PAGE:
Upon returning to the office from a client visit a few days before Thanksgiving, I was greeted by our dear Mrs P with what sounded like a warning. Fully aware of our company’s policy to have our office staff provide our caregivers all the support they requested, Mrs P reported to me that she thought she had broken the pledge that afternoon by admonishing a colleague with unusual impatience, “bordering on a complete lack of empathy and courtesy” she confessed as if anticipating a reprimand.
Mrs G, an extraordinarily skilled caregiver, had called the office that particularly hectic afternoon with yet another one of her increasingly nerving “situations”. Like many of Mrs G’s frequent calls, this one also involved a seemingly urgent issue that required immediate attention. Like in prior instances, the reality was that there was no issue that couldn’t be resolved on the spot by Mrs G if she only chose to address it herself rather than to complaint about it. Mrs P had enough of that and she let Mrs G know it in no uncertain terms. “The truth is” Mr P told her co-worker, “you just forget that you have it so good!”
The next morning, when the caller ID showed that it was Mrs G on the phone, everyone in the office thought that she was calling to report the recent exchange. Instead, to our surprise, she asked for Mrs P and after apologizing to her, Mrs G thanked her for “putting things in a very revealing perspective”.
To say that 2020 was a challenging year will always be a major understatement. People lost their jobs, their businesses, their health, their loved ones, even their lives. I am sure each of us know someone who did. Forget about why for a moment and focus on the fact that it happened to someone you know and that if you are reading this, you, like I, have plenty to be grateful for.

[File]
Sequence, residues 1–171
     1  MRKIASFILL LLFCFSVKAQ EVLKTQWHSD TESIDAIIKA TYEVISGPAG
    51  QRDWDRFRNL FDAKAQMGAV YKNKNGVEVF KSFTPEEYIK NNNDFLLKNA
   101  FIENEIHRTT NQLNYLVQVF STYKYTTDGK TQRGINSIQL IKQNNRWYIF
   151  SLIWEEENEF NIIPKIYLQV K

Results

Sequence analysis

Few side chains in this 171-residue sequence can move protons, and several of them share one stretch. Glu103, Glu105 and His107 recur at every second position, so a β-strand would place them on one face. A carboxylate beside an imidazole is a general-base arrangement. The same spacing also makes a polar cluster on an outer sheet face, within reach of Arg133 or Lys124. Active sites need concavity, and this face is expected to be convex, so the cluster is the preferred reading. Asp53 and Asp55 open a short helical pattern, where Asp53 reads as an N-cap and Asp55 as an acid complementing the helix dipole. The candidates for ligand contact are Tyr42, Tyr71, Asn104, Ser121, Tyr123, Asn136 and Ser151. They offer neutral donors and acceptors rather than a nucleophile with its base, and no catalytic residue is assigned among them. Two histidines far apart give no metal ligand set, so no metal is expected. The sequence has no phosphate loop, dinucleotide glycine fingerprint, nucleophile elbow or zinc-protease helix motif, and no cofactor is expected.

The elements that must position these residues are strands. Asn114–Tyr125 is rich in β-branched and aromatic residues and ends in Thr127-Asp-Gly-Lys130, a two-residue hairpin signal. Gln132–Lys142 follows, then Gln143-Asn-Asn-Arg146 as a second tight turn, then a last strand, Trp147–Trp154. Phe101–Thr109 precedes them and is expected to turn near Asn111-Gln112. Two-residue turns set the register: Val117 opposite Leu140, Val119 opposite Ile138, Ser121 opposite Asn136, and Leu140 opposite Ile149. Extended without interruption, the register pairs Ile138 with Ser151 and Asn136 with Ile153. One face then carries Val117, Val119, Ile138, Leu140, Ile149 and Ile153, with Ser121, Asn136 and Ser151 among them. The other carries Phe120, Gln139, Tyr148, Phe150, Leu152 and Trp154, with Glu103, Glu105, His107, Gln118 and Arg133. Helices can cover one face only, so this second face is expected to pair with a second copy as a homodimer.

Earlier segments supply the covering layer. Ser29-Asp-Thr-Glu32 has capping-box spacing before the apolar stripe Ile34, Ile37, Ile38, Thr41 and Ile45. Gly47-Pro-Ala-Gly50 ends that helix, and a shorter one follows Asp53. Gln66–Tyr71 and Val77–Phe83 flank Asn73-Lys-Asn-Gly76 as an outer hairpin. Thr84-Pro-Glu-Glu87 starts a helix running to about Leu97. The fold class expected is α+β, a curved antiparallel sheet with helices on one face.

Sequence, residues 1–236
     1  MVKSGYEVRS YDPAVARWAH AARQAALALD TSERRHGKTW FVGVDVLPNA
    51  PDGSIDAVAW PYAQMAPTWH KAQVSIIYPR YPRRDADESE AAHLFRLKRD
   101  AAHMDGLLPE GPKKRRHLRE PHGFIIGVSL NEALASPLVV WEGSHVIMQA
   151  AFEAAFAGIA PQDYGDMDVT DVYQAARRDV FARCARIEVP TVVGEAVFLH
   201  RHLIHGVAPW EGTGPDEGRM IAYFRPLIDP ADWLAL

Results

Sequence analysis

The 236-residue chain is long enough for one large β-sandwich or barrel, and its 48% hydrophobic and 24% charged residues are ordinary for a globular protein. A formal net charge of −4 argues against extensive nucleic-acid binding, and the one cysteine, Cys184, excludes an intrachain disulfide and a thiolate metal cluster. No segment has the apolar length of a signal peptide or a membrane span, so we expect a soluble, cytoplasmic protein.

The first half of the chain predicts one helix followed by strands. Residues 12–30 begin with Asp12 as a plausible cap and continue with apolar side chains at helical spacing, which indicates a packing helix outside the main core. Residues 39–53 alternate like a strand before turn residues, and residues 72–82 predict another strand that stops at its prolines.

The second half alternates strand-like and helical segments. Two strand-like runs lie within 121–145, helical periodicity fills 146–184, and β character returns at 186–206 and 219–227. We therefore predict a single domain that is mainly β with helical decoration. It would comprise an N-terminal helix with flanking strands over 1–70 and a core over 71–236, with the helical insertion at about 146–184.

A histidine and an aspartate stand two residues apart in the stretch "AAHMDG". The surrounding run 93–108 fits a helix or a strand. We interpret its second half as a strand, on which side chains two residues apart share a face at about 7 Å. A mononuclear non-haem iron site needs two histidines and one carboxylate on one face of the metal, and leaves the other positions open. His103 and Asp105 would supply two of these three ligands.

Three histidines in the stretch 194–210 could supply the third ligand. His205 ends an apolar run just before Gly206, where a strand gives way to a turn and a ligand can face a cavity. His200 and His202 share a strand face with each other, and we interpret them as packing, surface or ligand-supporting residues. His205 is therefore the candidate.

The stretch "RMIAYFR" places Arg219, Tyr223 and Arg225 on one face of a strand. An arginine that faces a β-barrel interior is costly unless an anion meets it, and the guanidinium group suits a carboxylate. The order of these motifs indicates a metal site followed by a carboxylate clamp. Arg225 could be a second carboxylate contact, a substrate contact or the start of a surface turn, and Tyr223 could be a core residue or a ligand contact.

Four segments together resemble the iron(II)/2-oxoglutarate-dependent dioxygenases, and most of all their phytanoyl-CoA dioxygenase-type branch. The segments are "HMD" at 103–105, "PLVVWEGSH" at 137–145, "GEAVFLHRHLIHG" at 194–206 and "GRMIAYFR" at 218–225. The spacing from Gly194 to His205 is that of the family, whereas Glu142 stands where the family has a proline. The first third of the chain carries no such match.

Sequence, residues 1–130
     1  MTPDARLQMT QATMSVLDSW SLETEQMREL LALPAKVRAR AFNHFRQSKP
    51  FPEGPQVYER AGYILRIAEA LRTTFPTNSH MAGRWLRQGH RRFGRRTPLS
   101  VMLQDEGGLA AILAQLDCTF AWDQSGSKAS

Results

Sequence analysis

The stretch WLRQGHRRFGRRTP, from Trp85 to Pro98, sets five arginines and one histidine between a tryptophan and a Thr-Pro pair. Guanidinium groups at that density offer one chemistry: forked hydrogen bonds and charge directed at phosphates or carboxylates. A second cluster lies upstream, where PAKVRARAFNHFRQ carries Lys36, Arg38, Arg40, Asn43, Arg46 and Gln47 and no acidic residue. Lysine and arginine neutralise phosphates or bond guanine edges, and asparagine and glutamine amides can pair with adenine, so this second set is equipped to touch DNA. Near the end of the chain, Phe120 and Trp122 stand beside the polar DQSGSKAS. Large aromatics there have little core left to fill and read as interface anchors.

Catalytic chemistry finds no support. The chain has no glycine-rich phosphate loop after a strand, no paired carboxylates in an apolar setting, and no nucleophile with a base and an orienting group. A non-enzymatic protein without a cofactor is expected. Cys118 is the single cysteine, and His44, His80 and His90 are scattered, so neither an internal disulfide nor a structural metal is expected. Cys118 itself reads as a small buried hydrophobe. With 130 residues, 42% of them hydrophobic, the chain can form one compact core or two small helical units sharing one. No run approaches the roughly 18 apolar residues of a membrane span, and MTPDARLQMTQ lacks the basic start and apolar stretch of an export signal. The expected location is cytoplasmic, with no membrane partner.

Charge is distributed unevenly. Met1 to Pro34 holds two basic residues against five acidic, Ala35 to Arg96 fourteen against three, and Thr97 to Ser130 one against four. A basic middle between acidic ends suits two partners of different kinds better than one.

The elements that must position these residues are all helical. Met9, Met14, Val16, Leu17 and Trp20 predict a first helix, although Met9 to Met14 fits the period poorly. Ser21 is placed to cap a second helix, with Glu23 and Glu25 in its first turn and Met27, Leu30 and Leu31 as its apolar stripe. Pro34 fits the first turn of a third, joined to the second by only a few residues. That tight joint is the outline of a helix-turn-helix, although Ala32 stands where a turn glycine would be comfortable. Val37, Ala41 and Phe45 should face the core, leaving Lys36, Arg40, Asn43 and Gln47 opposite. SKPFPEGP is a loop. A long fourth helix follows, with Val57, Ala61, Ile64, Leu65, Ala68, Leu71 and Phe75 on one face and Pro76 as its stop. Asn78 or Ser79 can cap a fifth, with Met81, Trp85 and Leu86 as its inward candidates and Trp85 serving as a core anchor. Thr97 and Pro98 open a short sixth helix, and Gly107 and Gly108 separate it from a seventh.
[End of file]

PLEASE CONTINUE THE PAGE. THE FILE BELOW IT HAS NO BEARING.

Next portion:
That is exactly what the year 2020 was also about. Along with all the disruption and pain, the year brought with it a sober and comforting reminder of the value of simple but often forgotten things. More than anything, and more than ever, its ups and downs, and downs contributed to restoring the perception of the fundamental role that this place called home has in our lives, and in our society as a whole. For that too we can be grateful.
So, thanks to 2020 and to Mrs P for helping put things in perspective. Also, thanks to 2021 for having arrived so very punctually. May this be a happy new year for all!
The Discretely column by Eduardo Berdegué is published monthly in newspapers throughout the Heart of Texas region.